“He said, ‘Chunk her down, boys, chunk her down.’  And they said, ‘How many times shall we chunk her down,’ and he said, ‘Not seventy times seven, but four hundred and ninety times. . .’”

At this point, the Chairman of the Call committee stopped the young pastor abruptly, turned to the other members of the Call Committee, and exclaimed, “We’ve heard enough!  This young man really knows his Bible good!  Let’s issue him a call right away!  They all agreed. Continue reading

Sermon for January 10, 2016

Sermon for the Baptism of Our Lord, January 10, 2016

St. Paul Lutheran Church, Wallis, Texas

Sermon Texts:  Romans 6:1-11 and Luke 3:15-22

Sermon Theme:  “Baptized into His What?”

(Sources:  Concordia Pulpit Resources, Vol. 26, Part 1, Series C; Anderson’s Cycle C Preaching Workbook; original ideas; Emphasis Online Commentary; Emphasis Online Illustrations; Online Baptism Jokes,; Believer’s Bible Commentary; Footnotes, Concordia Self-Study Bible.)

Grace, mercy and peace to you from God our Father and from the Lord Jesus Christ.

On this Festival Day of our Lord’s Baptism, the Gospel text from Luke gives a brief account of Jesus’ Baptism, and the Epistle from Romans explains to us what Baptism is all about.  The doctrinal issues regarding Baptism have been a major separating point among various denominations.  Thus many jokes about Baptism center on these differences, like the exchange of words between a Baptist minister and a Lutheran Pastor; here’s their conversation:

Lutheran Pastor:  So, let me get this straight – you believe a person isn’t baptized unless he has been fully immersed in water – is that correct?

Baptist Minister:  Correct.  We believe in full immersion – not pouring or sprinkling.

Lutheran:  So if you walked a person into a stream up to his ankles, that wouldn’t consist in an actual baptism?

Baptist:  No sir.  No Baptism.

Lutheran:  What if you got him up past his knees?

Baptist:  Still not good enough.

Lutheran:  What about if he waded in to his waist?  Would you pronounce him baptized?

Baptist:  No, no, no, — what about immersion do you not understand?

Lutheran:  Please forgive me, I am slow sometimes – I really do want to understand you, and I thank you for your patience.  Just a couple more questions and I’ll move onto other edifying topics.  What if he were immersed up to his chest?

Baptist:  No.

Lutheran:  What if he walked all the way in, held his breath, and was up to his eyeballs in water?

Baptist:  No, he has to be immersed.

Lutheran:  I think I understand now – you and I agree after all!

Baptist:  What?  What do you mean?  Did I convince you that immersion is the only way for baptism to be properly administered?

Lutheran:  On the contrary – you gave me great evidence against it!

Baptist:  I did!?!?

Lutheran:  You sure did.  You convinced me that getting your feet wet doesn’t make one baptized.  You convinced me that getting wet up to your knees or waist doesn’t make one baptized.  You convinced me that that being up to your chest or neck in water doesn’t make one baptized.  You even convinced me that being up to your eyeballs in water doesn’t cut it.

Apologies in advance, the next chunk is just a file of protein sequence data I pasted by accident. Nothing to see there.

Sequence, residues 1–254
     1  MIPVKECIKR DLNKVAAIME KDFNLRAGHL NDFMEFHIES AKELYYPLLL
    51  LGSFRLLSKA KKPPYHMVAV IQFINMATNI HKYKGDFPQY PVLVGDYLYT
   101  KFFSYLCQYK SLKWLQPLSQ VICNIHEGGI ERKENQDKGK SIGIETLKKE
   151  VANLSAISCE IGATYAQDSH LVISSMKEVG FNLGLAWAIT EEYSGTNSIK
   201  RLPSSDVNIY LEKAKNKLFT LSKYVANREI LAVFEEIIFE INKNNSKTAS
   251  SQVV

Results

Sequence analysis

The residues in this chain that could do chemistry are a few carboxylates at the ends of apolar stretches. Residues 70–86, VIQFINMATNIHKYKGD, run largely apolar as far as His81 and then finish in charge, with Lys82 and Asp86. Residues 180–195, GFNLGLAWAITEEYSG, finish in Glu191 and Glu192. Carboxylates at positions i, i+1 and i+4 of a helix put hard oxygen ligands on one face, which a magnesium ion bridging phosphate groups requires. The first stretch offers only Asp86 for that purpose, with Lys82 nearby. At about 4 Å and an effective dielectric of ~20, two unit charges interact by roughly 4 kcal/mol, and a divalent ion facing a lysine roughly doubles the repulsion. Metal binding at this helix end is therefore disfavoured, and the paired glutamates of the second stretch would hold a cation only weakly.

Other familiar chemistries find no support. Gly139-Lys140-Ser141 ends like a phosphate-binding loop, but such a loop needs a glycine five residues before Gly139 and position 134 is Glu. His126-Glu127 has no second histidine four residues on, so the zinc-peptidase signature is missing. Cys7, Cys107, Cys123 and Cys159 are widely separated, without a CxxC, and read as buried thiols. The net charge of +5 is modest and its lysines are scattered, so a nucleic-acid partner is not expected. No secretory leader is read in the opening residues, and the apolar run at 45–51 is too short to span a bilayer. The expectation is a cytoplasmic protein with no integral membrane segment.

Baptist:  So?!?

Lutheran:  So what that tells me is that both of us deem water being administered to the head as sufficient to consider one baptized.

While that is a humorous response to an age-old doctrinal issue, it is an attempt to get to the true essence and significance of baptism.  The fact that Jesus  allowed Himself to be baptized underscores the importance of the Sacrament, as well as the statement made by Jesus in the last chapter of Mark:  “Whoever believes and is baptized will be saved, but whoever does not believe will be condemned.” Continue reading

Sermon for January 03, 2016

Sermon for the Second Sunday after Christmas,

The Sunday before the Epiphany, January 3, 2016

St. Paul Lutheran Church, Wallis, Texas

Sermon Text:  Luke 2:40-52

Sermon Theme:  “Question or Obey?  It Depends . . .”

(Sources:  Anderson’s Cycle C Preaching Workbook; Emphasis Online Illustrations; original ideas; Harper’s Bible Dictionary)

Grace, mercy, and peace to you from God our Father and from the Lord Jesus Christ.

Seated among the learned rabbis in the Temple, the twelve-year-old Jesus shows a remarkable awareness of who He is.  His parents should know who He is, considering what the angel said to them before His birth, and what Simeon and Anna and the Wise Men said after His birth, but obviously they didn’t, or maybe they just didn’t know how to act as parents of the Savior of the world.

In “The Prayer of the Frog,” Anthony de Mello tells a story of a grown woman who in a coma, near death, and lost the awareness of who she was.  In the coma, she dreamed she was being taken up to heaven and standing before the Judgment Seat of God.

“Who are you?”  a Voice says to her.

“I’m the wife of the mayor,” she replies.

“I did not ask you whose wife you are, but who you are.”

“I’m the mother of four children,” she replied.

“I did not ask whose mother you are, but who you are.”

“I’m a schoolteacher.”

“I did not ask you what your profession is, but who you are.”

And so it goes.  No matter what she replies, she doesn’t seem to give a satisfactory answer to the question, “Who are you?”

“I’m a Christian.”

“I did not ask what your religion is, but who you are.”

“I’m the one who went to church every day and always helped the poor and needy.”

“I did not ask you what you did, but who you are.”

She evidently fails the examination, for she is sent back to earth.  When she comes out of the coma and recovers from her illness, she is determined to find out who she is.

I think all human beings are a little like that.  During our lifetime, we are always asking, “Who am I?  Why am I here?”

Being both God and human, Jesus did not have that problem.  He knew who He was.  He was the Savior of the World come to rescue fallen humankind from sin and restore them to a right relationship with the Heavenly Father. Continue reading